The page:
Solid State drives versus regular spinning hard drives
This may be hard to believe but the type of drive also has an influence on the sound and it is not subtle.
As a total exception to my normal policy, this article is not based on my own experience but actually a reprint of an email that I received from a reader. It is a phenomenon that I have yet to experience myself, but given my experience with cd drives and computeraudio thus far, I'm inclined to agree to.
There is a LOT of talk from the boys at Computer Audiophile about the superiority of the SSD over HDD for sound quality.
Well, there is NO doubt that the (Macintosh) G5 tower I have sounds fuller, more relaxed and with much greater sound stage width and depth compared to my Intel Mac Mini which sounded forward and very fatiguing. Both using Tiger, both using VLC as the player and both using a HiFace into my Purcell etc. I don't know why, but the G5 sounds more correct, and that also matches up with your views on desktop vs laptop. BUT, with similar expectations (lower grain, etc) I carbon copied my G5's HDD onto SSD and ran the G5 from the SSD but now my sound is thin, lean, no warmth, no body, but I have to say at least the treble is a tiny little bit better in that it seems to have a slight layer of hash removed. Booting back up from the HDD my warm mids and vocals have returned, stage depth, body etc and in actual fact, the treble has rolled off ever so slightly in a most pleasant (van den hul carbon cable?!) type of way.
This is the total opposite to what everyone is saying about SSD. For me, the HDD is far more musical! I won't be going back to SSD. Ineteresting isn't it, and if the technical engineering types were to be believed, there should be NO difference between cables, computers and storage devices!
The SSD used was actually an Intel X25, not the Sandisk pictured here
Even though I have not experienced this myself yet, because I have no purpose for SSD drives until they get really large, this story matches up with my generic computer audio experience and my experience with CD transports in particular. It seems again and again that more precision does not neccesarily mean better sound, or more a musical delivery. On the contrary: it seems that the more precision you squeeze from an information carrier, the more analytical the sound becomes. Of course, thinking along the lines of analog tape and its inherent losses this is theoretically a good thing because you want to retain all the information. But I think that it is sometimes taken too far. Maybe you need a bit of softening/rounding off to make the electronically stored music sound like real music. Remember: electronical/digital audio is not the real thing. It is a representation of it, played back through a series of conversions and amplifications. Therefore, if the replay chain becomes too accurate, you may start to hear the electronic process at work. This is just a theory of course but the more experience I gain, the more it seems to be true.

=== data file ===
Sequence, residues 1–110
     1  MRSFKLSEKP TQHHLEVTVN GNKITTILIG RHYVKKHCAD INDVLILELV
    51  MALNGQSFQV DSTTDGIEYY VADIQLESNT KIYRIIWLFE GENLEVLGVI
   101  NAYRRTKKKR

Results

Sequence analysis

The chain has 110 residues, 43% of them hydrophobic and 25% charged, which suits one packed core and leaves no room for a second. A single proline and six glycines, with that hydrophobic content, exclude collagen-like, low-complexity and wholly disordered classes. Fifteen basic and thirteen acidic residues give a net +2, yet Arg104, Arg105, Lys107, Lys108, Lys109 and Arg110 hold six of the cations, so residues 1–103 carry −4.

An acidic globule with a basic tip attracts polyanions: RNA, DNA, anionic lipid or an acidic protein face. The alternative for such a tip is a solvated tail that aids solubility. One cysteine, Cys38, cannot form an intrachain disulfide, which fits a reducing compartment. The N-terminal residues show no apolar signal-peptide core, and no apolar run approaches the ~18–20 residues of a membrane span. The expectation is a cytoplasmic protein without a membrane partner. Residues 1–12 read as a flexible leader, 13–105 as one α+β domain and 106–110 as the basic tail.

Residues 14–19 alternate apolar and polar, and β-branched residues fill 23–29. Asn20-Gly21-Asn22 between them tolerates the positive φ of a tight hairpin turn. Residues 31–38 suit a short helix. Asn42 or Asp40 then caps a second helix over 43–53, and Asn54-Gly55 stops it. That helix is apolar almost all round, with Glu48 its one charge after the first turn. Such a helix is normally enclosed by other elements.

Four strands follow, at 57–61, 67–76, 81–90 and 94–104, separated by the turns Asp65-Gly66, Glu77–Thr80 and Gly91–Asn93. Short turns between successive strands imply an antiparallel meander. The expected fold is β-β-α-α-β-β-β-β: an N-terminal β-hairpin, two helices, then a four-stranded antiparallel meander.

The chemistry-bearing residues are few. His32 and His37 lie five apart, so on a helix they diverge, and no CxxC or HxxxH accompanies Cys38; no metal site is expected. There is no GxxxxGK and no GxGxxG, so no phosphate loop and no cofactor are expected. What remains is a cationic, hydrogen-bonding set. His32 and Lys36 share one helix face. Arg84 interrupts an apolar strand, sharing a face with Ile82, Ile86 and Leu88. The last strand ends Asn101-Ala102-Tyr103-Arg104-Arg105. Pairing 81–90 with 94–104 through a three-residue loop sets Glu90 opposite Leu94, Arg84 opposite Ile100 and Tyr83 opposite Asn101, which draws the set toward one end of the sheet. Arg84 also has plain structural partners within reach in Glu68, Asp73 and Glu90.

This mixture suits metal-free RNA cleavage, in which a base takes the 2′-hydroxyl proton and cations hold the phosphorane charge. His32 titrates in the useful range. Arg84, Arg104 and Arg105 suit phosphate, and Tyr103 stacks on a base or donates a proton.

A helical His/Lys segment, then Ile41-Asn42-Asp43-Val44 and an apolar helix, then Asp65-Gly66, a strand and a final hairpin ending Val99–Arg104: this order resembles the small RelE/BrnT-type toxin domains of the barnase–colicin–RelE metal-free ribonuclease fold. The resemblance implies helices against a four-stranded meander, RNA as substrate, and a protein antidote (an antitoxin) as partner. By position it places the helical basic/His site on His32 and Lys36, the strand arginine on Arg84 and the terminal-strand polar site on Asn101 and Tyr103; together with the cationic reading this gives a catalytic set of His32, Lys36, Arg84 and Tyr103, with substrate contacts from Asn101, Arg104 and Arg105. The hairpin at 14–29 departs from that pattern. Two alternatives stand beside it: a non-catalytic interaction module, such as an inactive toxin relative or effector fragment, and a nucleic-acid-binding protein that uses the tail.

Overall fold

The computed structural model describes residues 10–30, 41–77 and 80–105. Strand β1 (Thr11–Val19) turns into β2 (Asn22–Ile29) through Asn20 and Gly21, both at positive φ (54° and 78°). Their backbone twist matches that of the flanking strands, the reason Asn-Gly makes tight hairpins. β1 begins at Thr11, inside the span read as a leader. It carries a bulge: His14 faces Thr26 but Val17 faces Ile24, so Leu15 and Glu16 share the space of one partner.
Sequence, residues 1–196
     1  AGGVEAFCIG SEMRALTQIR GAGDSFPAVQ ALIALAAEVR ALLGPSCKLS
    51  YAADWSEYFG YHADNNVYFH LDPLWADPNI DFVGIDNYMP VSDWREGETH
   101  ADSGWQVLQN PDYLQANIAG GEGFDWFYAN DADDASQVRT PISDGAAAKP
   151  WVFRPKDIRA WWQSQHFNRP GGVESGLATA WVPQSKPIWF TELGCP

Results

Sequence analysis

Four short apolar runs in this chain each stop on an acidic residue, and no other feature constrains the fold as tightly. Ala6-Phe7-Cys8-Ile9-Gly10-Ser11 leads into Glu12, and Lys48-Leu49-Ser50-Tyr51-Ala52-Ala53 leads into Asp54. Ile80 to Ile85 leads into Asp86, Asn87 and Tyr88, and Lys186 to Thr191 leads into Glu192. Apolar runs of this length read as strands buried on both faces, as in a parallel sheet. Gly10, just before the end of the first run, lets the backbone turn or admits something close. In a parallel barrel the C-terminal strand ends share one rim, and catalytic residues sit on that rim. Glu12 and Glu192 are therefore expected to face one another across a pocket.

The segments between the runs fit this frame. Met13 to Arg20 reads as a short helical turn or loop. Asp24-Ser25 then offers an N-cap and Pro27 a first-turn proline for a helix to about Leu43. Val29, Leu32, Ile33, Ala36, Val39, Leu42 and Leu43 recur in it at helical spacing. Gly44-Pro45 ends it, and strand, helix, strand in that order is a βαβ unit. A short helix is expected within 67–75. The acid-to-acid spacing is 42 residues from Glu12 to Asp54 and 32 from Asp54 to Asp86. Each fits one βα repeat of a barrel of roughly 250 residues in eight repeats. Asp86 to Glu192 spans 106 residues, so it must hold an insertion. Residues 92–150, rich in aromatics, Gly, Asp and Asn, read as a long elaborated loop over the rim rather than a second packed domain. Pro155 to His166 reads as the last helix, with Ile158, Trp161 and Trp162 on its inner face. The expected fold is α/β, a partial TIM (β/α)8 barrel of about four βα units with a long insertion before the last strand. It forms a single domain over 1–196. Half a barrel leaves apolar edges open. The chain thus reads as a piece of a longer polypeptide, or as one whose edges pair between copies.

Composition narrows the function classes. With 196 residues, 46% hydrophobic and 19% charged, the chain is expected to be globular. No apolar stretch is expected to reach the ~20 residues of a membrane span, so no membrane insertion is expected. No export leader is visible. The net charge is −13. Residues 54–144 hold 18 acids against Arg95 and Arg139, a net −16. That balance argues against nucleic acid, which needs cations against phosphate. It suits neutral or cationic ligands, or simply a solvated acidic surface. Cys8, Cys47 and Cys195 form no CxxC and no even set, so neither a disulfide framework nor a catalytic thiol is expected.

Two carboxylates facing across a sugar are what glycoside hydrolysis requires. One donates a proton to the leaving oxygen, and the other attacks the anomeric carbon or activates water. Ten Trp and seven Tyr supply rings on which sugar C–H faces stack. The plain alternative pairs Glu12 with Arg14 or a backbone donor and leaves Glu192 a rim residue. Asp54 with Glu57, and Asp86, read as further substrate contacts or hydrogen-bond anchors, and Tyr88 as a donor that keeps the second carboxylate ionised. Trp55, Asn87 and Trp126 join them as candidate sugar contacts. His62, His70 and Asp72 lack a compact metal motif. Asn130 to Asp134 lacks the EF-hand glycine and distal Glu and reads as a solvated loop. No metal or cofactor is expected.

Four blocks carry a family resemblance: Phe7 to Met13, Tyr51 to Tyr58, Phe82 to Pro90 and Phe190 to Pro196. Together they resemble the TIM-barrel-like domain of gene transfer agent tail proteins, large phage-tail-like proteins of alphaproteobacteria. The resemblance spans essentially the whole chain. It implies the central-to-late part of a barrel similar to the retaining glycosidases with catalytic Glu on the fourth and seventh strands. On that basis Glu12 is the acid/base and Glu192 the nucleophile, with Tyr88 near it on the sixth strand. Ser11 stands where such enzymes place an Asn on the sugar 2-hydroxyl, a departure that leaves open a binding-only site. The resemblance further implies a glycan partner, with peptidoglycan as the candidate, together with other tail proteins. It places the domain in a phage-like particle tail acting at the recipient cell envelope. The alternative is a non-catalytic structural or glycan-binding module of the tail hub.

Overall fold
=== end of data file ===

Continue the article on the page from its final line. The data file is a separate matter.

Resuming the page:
I think I may even have a technical explanation. Normal hard drives make writing-errors every now and then. This is natural for the medium. They also have to work around bad sectors and such. To this end, inside every hard drive there is a stage of error correction*. It may well be that SSD, for its accuracy doesn't need (much) correction. Most likely, inside those drives there's also an entirely different system for accessing the info whereby some conversion-stages can be skipped. SSD's do have an onboard controller that evenly divides data over all chips but thus far I haven't read anything regarding correction. However, SSD's use an entirely different "dos" than spinning hard drives due to the way they allocate data to all available memory addresses. There may be less, or more data conversion going on than with spinning drives. I can't say. This is all speculation. It may be that CD sounds better than computer for the same reason: error correction and conversion. Inside the laserpickup is correction, lateron in the servo system there's correction and even later right before the dac there's correction so there's a lot of conversion going on. This of course is all assumption but it could very well be one of the reasons and Andrew's SSD story only fortifies my ideas about this.
SSD is silent, quicker, more accurate and probably more reliable than regular drives. But music played from it sounds different from music played from a regular spinning hard drive. Whether you regard it as better or worse may be a matter of taste. Just be aware that there is indeed a difference to be expected.
I have now received several more reports of people hearing differences. But some of them prefer SSD. So I guess this is totally a matter of how the sound fits in with the rest of your system as well as a matter of taste. I have no doubt that SSD potentially makes for a subjectively more "accurate" sound, but that doesn't mean that it is also perceived as more musical.
* I'm not entirely sure anymore about the error correction in hard disks. If you have definite info, or a better explanation for the audible differences, please let me know.